I see it as a very similar situation to rubber tires. There are amazingly fast tires available out there, but they almost always last for one or two runs and then they're done. Then, you've got tires designed for "spec" racing like the Jaco Rubberz that might not be the fastest around, but they last for a lot longer. If everybody is on the same tire, speed is completely arbitrary, so you enjoy the long lasting tire and don't worry about speed since everybody is on the same page. I think spec tire rubber racing is beautiful for that. I see the future of LiPo racing being very much the same, which is why I'm hoping for some kind of spec battery for future LiPo racing. Clearly this is a long way off, still.
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Old 10-18-2007, 10:40 AM   #579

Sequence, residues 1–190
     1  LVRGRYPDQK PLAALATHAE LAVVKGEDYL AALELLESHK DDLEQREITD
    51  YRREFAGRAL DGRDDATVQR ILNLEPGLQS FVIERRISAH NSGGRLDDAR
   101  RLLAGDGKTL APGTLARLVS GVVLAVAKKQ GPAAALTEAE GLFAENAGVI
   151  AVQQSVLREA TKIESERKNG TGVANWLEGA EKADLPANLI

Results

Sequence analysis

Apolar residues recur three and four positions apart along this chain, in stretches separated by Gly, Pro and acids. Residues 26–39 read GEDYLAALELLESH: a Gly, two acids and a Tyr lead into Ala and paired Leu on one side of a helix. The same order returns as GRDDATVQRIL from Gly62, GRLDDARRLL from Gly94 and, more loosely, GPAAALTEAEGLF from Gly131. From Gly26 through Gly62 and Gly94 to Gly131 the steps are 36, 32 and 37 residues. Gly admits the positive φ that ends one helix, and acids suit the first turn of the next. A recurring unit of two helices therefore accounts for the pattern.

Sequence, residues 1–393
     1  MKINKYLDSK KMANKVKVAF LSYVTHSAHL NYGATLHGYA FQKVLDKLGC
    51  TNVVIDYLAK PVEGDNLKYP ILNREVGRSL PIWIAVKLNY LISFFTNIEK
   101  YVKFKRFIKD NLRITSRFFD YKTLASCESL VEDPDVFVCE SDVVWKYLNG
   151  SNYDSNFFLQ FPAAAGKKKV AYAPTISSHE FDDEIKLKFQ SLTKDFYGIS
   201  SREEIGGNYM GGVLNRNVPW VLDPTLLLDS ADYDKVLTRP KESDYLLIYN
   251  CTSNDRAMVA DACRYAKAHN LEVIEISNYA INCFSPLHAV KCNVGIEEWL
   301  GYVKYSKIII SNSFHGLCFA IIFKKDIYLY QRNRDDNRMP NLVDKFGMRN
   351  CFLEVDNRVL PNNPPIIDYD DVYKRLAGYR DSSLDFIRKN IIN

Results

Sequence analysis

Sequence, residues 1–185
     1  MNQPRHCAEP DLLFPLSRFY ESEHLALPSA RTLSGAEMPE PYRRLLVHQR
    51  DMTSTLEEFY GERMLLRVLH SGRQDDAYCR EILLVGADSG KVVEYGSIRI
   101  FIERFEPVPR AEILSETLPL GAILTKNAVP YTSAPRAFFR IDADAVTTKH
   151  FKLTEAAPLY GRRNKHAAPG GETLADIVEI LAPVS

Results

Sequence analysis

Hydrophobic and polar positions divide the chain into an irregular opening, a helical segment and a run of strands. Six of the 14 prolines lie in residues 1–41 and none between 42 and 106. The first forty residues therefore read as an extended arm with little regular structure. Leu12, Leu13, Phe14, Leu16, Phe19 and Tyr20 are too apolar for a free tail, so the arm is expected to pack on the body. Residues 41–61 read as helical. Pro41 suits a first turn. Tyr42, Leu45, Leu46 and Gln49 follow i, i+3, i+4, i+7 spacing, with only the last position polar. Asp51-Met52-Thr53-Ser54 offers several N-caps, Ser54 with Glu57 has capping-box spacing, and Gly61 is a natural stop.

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Danny,

Supposedly one of the benefits of LiPo is that it holds its voltage under load better than NiMH. I'd be interested to know at about what load the voltage of the LiPo packs is the same or higher than a good NiMH. I'm wondering if you'd only see that come into play in mod racing, or if it might even show up with milder motors, like 10.5/19T.
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Old 10-18-2007, 11:24 AM   #580
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The IR is slightly lower on a Lipo so yes under load voltage drop should be abit less but the difference in IR isn't enough to make a big difference in my opinion.

I have no racing experience with lipos versus sub-c cells so for thos who have tried it they need to tell us the difference.

As far as cycle life goes I'm no Lipo expert but it seems like manufacturers are focusing on capacity dropoff after a certain amount of cycles. This is o.k. but since IR and voltage is what makes power I think this should be the key as it you take a 4800 or 5000 Lipo pack and lose 20% after 1000 cycles the packs will still be in the 380-420 range at 35 amps which is more then enough runtime to do any stock or 19t race.